• Raurava, the "screaming" Naraka, is where beings run wildly about, looking for refuge from the burning ground.2 When they find an apparent shelter, they are locked inside it as it blazes around them, while they scream inside. Life in this Naraka is 8.2944×1014 years long.citation needed
  • Mahāraurava, the "great screaming" Naraka, is similar to Raurava.4 Punishment here is for people who maintain their own body by hurting others. In this hell, ruru animals known as kravyāda torment them and eat their flesh. Life in this Naraka is 6.63552×1015 years long.citation needed
  • Tapana is the "heating" Naraka, where hell guards impale beings on a fiery spear until flames issue from their noses and mouths.2 Life in this Naraka is 5.308416×1016 years long.citation needed
  • Pratāpana, the "great heating" Naraka. The tortures here are similar to the Tapana Naraka, but the beings are pierced more bloodily with a trident.2 Life in this Naraka is 4.2467328×1017 years long. It is also said to last for the length of half an antarakalpa.citation needed
  • Avīci, is the "uninterrupted" Naraka. Beings are roasted in an immense blazing oven with terrible suffering.2 Life in this Naraka is 3.39738624×1018 years long. It is also said to last for the length of an antarakalpa.citation needed

Some sources describe five hundred or even hundreds of thousands of different Narakas.

The sufferings of the dwellers in Naraka often resemble those of the Pretas, and the two types of being are easily confused. The simplest distinction is that beings in Naraka are confined to their subterranean world, while the Pretas are free to move about.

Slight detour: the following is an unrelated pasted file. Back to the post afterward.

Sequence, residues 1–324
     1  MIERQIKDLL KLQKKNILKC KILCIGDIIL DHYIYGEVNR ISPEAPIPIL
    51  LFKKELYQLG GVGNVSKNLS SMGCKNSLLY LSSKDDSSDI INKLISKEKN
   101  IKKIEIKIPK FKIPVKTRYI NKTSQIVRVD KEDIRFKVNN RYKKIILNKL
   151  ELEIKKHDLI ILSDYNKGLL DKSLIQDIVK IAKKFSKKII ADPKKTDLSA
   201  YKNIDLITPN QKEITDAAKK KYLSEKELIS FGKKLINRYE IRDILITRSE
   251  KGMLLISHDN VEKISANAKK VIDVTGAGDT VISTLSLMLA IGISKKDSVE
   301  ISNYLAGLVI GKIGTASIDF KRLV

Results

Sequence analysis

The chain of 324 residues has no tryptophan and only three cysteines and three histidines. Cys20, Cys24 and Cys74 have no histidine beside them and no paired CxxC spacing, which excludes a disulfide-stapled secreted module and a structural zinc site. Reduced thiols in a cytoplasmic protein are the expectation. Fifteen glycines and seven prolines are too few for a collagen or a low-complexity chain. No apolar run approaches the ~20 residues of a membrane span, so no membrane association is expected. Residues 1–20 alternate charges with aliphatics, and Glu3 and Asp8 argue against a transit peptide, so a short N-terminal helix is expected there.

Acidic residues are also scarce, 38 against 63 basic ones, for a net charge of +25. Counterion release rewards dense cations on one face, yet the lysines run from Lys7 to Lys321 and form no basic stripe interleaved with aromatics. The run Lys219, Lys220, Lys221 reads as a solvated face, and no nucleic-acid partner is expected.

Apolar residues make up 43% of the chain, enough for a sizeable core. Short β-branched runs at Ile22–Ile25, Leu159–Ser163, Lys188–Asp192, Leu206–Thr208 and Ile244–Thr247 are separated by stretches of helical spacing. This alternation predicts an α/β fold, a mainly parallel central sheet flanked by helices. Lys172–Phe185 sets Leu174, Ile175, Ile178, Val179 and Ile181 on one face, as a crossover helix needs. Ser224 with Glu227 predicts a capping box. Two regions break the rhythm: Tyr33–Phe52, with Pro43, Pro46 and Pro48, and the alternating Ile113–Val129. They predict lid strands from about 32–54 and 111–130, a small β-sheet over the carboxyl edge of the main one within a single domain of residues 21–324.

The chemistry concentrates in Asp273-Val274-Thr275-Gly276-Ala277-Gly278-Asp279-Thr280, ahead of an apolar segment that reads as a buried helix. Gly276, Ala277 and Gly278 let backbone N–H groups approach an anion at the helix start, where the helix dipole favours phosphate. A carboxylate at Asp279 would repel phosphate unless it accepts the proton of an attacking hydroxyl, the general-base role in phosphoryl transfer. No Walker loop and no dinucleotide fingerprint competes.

There are also isolated and boundary hells called Pratyeka Narakas (Pali: Pacceka-niraya) and Lokantarikas.

In Buddhist literature

Descriptions of the Narakas are a common subject in some forms of Buddhist commentary and popular literature as cautionary tales against the fate that befalls evildoers and an encouragement to virtue.5

The Mahāyāna Sūtra of the bodhisattva Kṣitigarbha (Dìzàng or Jizō) graphically describes the sufferings in Naraka and explains how ordinary people can transfer merit in order to relieve the sufferings of the beings there.

The Japanese monk Genshin began his Ōjōyōshū with a description of the suffering in Naraka. Tibetan Lamrim texts also included a similar description.

Chinese Buddhist texts considerably enlarged upon the description of Naraka (Diyu), detailing additional Narakas and their punishments, and expanding the role of Yama and his helpers, Ox-Head and Horse-Face. In these texts, Naraka became an integral part of the otherworldly bureaucracy which mirrored the imperial Chinese administration.

Gallery

A mural from a temple in northern Thailand depicting naked sinners climbing thorn-covered trees, pecked by birds from above, and attacked from below by hell guards armed with spears. There are icy mountains in the background, and Phra Malaya watches from above.
A mural from a temple in northern Thailand. Human-animal figures are dismembered and disemboweled by hell guards and birds, while Phra Malaya watches from above.
A mural from a temple in northern Thailand. The unclothed spirits of the dead are brought before Yama for judgement. Phra Malaya watches from above as sinners are fried in a large oil cauldron.
A Burmese depiction of Naraka. Hell guards throw sinners into a cauldron and fry them in oil.


See also

Notes

  1. ^ Thakur, Upendra (1992). India and Japan, a Study in Interaction During 5th Cent. – 14th Cent. A.D. Abhinav Publications. ISBN 8170172896. 
  2. ^ a b c d e f g h i j k l m n Alexander, Jane (2009). The Body, Mind, Spirit Miscellany: The Ultimate Collection of Fascinations, Facts, Truths, and Insights. London: Duncan Baird Publishers. pp. 150–151. ISBN 9781844838370. 
  3. ^ a b c Malik, Akhtar (2007). Survey of Buddhist Temples and Monasteries. New Delhi: Anmol Publications. p. 50. ISBN 9788126132591. 
  4. ^ a b c Morgan, Diane (2010). Essential Buddhism: A Comprehensive Guide to Belief and Practice. Santa Barbara, California: Praeger. p. 73. ISBN 9780313384523. 
  5. ^ "诸经佛说地狱集要" (in Chinese). 

References

External links